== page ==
But it's not that simple, and if we started exploring that paradox, things would get a bit hairy.

**Explore further:**
What would it be like to fall into a black hole?

## eltodesukane

So the no-hair theorem of general relativity is obviously false.

## Jixo

Sep 09, 2014## Jixo

Sep 09, 2014## saposjoint

## Melchizedek0001

## Aligo

Sep 09, 2014## Returners

I actually agree with him on this.

If you imagine dropping an object from rest relative to the black hole, from various altitudes ranging from equal to the Schwarzchild Radius, to about 4 times such radius, you will find that the point where the object's velocity goes to c, and relative mass would try to go asymptotic changes with respect to it's initial position. What this means is the black hole has an infinite number of "surface radii" and each object which falls into it cannot actually pass that point, and this point is different for every position. The claim that you would not pass the event horizon is only true for objects approaching gravitationally from infinity, and is not true for objects having origins closer than infinity. They fall past the event horizon, but then hit another event horizon which they cannot pass, which is different for each initial distance.

You can actually see this in the schwarzchild radius formula.

## Returners

Now the Schwarzchild radius assumes an initially tangential velocity such that even "c" is not great enough to overcome the light, but if you just imagine dropping an object and it going straight in, from each of those distances, you can integrate to get the v^2 component of work, and then take square root to get velocity (approximately) and this number cannot exceed "c" within relativity, which means the object cannot be accelerated any farther, and time would essentially stop for that object (relativity claim again).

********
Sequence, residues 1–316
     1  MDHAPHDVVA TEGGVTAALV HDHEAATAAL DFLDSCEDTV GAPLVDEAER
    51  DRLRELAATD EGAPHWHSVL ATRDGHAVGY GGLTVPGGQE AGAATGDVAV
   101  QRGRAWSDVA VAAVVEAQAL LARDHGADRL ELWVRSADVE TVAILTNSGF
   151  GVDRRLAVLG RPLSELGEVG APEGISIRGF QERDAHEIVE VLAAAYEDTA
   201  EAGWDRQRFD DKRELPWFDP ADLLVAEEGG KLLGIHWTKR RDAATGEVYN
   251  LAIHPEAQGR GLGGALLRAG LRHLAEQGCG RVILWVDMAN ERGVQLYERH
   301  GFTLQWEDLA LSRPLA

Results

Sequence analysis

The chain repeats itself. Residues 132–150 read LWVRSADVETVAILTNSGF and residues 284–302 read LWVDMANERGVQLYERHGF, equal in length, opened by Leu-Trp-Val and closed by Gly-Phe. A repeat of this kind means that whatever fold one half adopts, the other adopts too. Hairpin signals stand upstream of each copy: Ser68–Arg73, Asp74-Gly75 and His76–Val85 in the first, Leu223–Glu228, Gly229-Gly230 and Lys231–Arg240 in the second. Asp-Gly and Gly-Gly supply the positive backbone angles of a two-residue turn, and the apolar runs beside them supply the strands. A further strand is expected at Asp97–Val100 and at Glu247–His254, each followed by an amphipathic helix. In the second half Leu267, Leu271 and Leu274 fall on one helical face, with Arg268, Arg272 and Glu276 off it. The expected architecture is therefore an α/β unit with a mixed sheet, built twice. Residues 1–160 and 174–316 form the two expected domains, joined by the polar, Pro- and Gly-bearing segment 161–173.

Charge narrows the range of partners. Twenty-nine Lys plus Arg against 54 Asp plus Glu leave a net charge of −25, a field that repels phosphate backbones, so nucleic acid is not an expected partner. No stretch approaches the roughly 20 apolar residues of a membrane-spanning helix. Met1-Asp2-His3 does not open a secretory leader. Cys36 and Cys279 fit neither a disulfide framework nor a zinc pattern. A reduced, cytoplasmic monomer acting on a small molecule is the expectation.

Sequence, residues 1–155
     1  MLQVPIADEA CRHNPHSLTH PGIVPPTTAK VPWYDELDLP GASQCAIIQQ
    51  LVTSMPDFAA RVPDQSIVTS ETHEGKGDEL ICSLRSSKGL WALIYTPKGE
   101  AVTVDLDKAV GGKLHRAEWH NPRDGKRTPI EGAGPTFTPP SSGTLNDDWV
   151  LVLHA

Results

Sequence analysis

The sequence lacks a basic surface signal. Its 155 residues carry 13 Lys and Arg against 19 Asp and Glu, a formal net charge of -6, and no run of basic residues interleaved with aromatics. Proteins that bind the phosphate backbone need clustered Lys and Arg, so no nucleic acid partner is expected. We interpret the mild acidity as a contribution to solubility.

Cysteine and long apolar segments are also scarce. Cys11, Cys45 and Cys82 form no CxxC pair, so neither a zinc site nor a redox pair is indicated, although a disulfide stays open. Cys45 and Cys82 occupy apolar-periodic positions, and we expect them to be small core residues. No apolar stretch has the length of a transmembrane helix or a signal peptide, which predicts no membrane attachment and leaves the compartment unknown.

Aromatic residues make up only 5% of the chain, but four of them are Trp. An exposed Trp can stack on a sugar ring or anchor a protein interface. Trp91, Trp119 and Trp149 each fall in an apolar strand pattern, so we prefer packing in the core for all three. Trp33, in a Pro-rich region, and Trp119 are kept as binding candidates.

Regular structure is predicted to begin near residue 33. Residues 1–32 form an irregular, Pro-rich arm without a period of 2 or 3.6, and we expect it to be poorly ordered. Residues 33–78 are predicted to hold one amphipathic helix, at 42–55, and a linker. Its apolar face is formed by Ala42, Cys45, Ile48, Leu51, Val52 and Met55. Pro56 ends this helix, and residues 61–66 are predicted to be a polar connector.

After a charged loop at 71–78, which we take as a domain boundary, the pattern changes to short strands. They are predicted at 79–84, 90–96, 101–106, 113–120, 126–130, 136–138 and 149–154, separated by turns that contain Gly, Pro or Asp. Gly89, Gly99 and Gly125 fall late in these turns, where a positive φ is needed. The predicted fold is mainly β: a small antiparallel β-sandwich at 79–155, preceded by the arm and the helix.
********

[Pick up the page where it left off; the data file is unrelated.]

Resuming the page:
Basically, the slower you are moving, the bigger the event horizon, but that's beside the point. It paradoxically means that some viewers could be inside an event horizon while nevertheless being farther from the center in another viewers' frame.

## Aligo

Sep 09, 2014## Returners

Why?

1, matter would need to reach or exceed v = "c" in order to reach the singularity, which we all know the theory forbids in the first place.

2, As mentioned above, objects with different initial distances would have their asymptotes at a different altitude anyway, which means the singularity is impossible (if the universe has a max speed), even 1 above were not true.

## TheGhostofOtto1923

Perhaps the evolution of your theory has more to do with the progress of therapeuticals through your system than with systematic exploration and reasoned analysis.

## antialias_physorg

How does the location and speed affect the object?

Either is only relative to another observer, so it's not an intrinsic property of the black hole itself.

History is also not a a property that distinguishes one black hole of a certain mass, charge and spin from another with the same mass charge and spin.